Wednesday , August 15 2018
Home / Music / Reviews music / Music Review: The Who – Thirty Years Of Maximum R&B
The Who: Chapter 16.

Music Review: The Who – Thirty Years Of Maximum R&B

Thirty Years Of Maximum R&B is a four disc, five hour, career spanning history of The Who. The musical journey begins in 1964 with tracks released when they were known as the High Numbers and finishes in 1991 with their recording of “Saturday Night’s Alright (For Fighting)” which was their contribution to the Elton John tribute album, Two Rooms.

This is probably not a box set for those who are unfamiliar with the group’s music. It would be best to start with a couple of their classic albums or a simple greatest hits release such as Meaty Beaty Big and Bouncy. If, however, you are a serious fan of The Who, this is an essential package that is full of classic moments with a number of surprises thrown in for good measure.

The enclosed booklet is spectacular as it is filled with rare photos and interesting commentary by Pete Townshend. Some of the tracks could have more clarity which is really inexcusable given that the producers has access to the original masters. This is especially apparent with some of their later material.

Disc one takes the group from their beginnings to the release of the single “Call Me Lightning.” The four songs by the High Numbers show a rawness and energy. Songs such as “Zoot Suit” and “I’m The Face” hint at what they would become in a very short time. “I Can’t Explain” kicks off the official Who career and “My Generation,” “Happy Jack,” “Boris The Spider,” and “Pictures Of Lily” quickly follow and form a catalog of some of the best rock ‘n’ roll to be issued in the mid-1960’s.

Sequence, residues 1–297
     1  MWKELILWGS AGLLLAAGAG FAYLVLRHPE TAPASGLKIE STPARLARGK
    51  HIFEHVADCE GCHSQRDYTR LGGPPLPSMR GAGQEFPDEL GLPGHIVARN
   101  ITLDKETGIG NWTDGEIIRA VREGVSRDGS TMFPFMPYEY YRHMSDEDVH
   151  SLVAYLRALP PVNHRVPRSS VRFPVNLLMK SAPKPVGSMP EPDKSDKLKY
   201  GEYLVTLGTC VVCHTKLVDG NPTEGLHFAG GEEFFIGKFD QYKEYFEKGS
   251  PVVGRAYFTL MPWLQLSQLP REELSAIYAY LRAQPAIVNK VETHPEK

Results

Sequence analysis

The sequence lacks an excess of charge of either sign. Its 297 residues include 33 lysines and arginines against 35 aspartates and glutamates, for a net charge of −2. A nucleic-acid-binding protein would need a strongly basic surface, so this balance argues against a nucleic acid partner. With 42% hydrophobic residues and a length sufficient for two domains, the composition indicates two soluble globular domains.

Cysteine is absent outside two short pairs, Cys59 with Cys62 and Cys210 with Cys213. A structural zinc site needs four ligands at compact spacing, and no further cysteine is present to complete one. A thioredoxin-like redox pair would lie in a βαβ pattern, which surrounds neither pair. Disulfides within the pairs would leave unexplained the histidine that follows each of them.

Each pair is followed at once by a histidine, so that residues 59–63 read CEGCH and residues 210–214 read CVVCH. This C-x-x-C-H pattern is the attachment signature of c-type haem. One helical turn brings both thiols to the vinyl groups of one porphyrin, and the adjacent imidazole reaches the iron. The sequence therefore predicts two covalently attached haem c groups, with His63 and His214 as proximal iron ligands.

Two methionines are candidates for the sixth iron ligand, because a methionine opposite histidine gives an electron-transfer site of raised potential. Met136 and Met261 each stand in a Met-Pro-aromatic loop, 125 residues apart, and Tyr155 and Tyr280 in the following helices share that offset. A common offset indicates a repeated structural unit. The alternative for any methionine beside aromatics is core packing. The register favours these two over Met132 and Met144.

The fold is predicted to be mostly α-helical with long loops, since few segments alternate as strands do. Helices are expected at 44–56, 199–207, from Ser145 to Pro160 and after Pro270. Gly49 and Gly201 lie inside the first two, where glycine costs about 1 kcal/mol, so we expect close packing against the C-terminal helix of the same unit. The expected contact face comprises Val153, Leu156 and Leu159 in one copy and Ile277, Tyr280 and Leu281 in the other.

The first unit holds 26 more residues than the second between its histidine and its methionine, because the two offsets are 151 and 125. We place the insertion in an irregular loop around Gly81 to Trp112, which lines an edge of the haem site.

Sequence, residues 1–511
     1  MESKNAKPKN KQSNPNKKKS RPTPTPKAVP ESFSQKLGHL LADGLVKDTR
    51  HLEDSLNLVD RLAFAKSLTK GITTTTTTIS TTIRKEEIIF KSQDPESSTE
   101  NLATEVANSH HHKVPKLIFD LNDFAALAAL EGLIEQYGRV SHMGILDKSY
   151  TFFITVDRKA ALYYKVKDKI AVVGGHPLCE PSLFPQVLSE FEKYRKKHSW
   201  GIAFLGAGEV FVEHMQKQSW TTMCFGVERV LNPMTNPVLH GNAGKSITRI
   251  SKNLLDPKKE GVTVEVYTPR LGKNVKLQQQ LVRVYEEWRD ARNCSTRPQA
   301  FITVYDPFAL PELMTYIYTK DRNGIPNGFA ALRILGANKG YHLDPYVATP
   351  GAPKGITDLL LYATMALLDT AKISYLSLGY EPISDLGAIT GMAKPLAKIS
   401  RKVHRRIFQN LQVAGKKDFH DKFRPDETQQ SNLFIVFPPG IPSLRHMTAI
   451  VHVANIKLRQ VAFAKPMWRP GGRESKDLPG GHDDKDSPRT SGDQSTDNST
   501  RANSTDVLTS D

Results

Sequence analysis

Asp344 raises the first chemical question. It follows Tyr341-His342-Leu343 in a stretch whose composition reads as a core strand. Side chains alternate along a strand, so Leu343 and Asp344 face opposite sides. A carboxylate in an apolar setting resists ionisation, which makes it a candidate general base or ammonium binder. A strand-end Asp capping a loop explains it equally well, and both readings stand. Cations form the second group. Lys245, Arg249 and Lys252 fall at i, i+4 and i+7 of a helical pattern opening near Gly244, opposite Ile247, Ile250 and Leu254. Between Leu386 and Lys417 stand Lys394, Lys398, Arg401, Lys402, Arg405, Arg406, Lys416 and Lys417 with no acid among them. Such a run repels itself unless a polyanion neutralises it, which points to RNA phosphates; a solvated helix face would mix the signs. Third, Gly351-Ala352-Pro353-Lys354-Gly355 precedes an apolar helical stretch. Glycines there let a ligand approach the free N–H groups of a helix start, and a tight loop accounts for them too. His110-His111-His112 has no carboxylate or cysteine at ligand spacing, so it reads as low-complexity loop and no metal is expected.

Disc two begins with the sophisticated rocker, “I Can See For Miles.” Classic tracks from Tommy make an appearance. “Overture,” “Acid Queen,” “Pinball Wizard,” “I’m Free” and a live version of “See Me, Feel Me” are all reminders of the brilliance of Pete Townshend’s groundbreaking rock opera. The only real mistake on this disc was to issue the shortened version of “Summertime Blues” instead of the original longer track from Live At Leeds which was one of the best concert performances ever put on tape. 

Disc three is rooted in some of the strongest music of their career. “Baba O’Riley,” “Bargain,” “Behind Blue Eyes,” and “Won”t Get Fooled Again,” show The Who evolving as keyboards are more prominent in their sound and the production has a slickness to it. The power of the music would remain as The Who would solidify themselves as one of rock’s premier groups.

Disc four covers the years that are considered the group’s weakest. However, when you assemble their best material from this era it holds up pretty well. “Long Live Rock” and “Squeeze Box” would be welcome additions to any album. Songs such as  “Who Are You,” “Sister Disco,” “You Better You Bet,” and “Eminence Front” sound better and fresh when removed from their original albums. Two live tracks, “Twist and Shout" and “I’m A Man” were previously unreleased at the time and present The Who as an effective and dynamic cover band.

Thirty Years Of Maximum R&B is a wonderful journey through three decades of some of the best music that was ever produced by a rock ‘n’ roll band. So sit back and turn the sound up real loud.

(Visited 1 times, 1 visits today)

About David Bowling

Check Also

Photo of Styx Band Members

Interview: Lawrence Gowan of Styx [Part 1]

Lawrence Gowan explained the making of 'The Mission,' mulled over my unique interpretation of the album cover, and offered teasers on the new Styx tour.